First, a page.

Saturday, February 25, 2012

How Eskimos Keep Their Babies Warm

How Eskimos Keep Their Babies Warm: Child-Raising Discoveries from Around the World. Mei-Ling Hopgood. 2012. Algonquin Books of Chapel Hill. 304 pages.

I'm sitting on a patio in Buenos Aires, nibbling on cinnamon cake, talking with a group of friends about the way local parents raise their kids.

If you were fascinated with the movie, Babies, then you HAVE to read Mei-Ling Hopgood's How Eskimos Keep Their Babies Warm. This nonfiction book is just SO FASCINATING. There are many parenting books out there that offer tips and advice on how to best raise babies, toddlers, kids. But how many offer a global perspective? A cross-cultural perspective? How many refrain from saying that their way is the best way, the only proper way?

I thought I would share the chapter titles to give you an idea of what this one is all about:

How Buenos Aires Children Go To Bed Late
How The French Teach Their Children to Love Healthy Food
How Kenyans Live Without Strollers
How the Chinese Potty Train Early
How Aka Pygmies Are the Best Fathers In the World
How Lebanese Americans Keep Their Families Close
How Tibetans Cherish Pregnancy
How the Japanese Let Their Children Fight
How Polynesians Play Without Parents
How Mayan Villagers Put Their Kids to Work
How Asians Learn to Excel In School

Each chapter discusses a culture or two and their perspective(s) on a particular subject (potty training, picky eaters, sleeping, etc.), she often shows how Americans can then adapt this--in varying degrees--for their own families. For example, in the first chapter, the lesson 'learned' is that socializing can be as important as keeping to a routine. For special occasions, including the kids can be the right thing to do...even if that means a later bedtime. She's not saying to completely eliminate bedtimes and schedules, just to consider being more flexible if something special comes up.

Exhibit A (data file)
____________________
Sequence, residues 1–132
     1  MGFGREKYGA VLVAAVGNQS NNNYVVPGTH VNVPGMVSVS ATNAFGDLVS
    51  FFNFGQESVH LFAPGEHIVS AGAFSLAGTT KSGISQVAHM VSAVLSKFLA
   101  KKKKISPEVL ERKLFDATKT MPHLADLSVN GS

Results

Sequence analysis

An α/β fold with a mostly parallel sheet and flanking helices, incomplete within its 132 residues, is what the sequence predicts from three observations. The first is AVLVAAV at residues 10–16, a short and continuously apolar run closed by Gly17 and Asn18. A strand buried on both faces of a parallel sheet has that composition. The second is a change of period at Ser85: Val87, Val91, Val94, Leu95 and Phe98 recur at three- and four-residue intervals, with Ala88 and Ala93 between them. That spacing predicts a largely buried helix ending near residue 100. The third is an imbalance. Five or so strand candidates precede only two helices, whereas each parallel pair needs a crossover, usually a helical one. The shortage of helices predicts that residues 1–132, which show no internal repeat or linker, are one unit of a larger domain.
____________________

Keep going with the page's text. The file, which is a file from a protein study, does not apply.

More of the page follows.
A chapter title that intrigued me was How the Japanese Let their Children Fight. In that chapter she discusses how adults don't necessarily intervene at the first sign of conflict between youngsters. They wait...and see if kids can solve their own conflicts or problems. If they can work it out on their own, if they can learn to get along on their own without adults telling them what to do, what to say. 

Overall, I found this one very interesting!

Read How Eskimos Keep Their Babies Warm
  • If you're a fan of nonfiction
  • If you're a fan of the film, Babies
  • If you're interested in reading about different cultures, thinking globally
  • If you're looking for a different kind of parenting book

© 2012 Becky Laney of Becky's Book Reviews


Lovely Lady 12:05 PM  

Wow! I am not a parent but, I am fascinated at different cultures and the differences between ours and other cultures around the world. I am definitely going to read this. Thanks again for the wonderfuly detailed review Becky! :)

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I am interested in reviewing books and audio books. This blog focuses on books written for middle grade on up (essentially 10 to a 110). I review middle grade fiction and young adult fiction (aka tween and teen).

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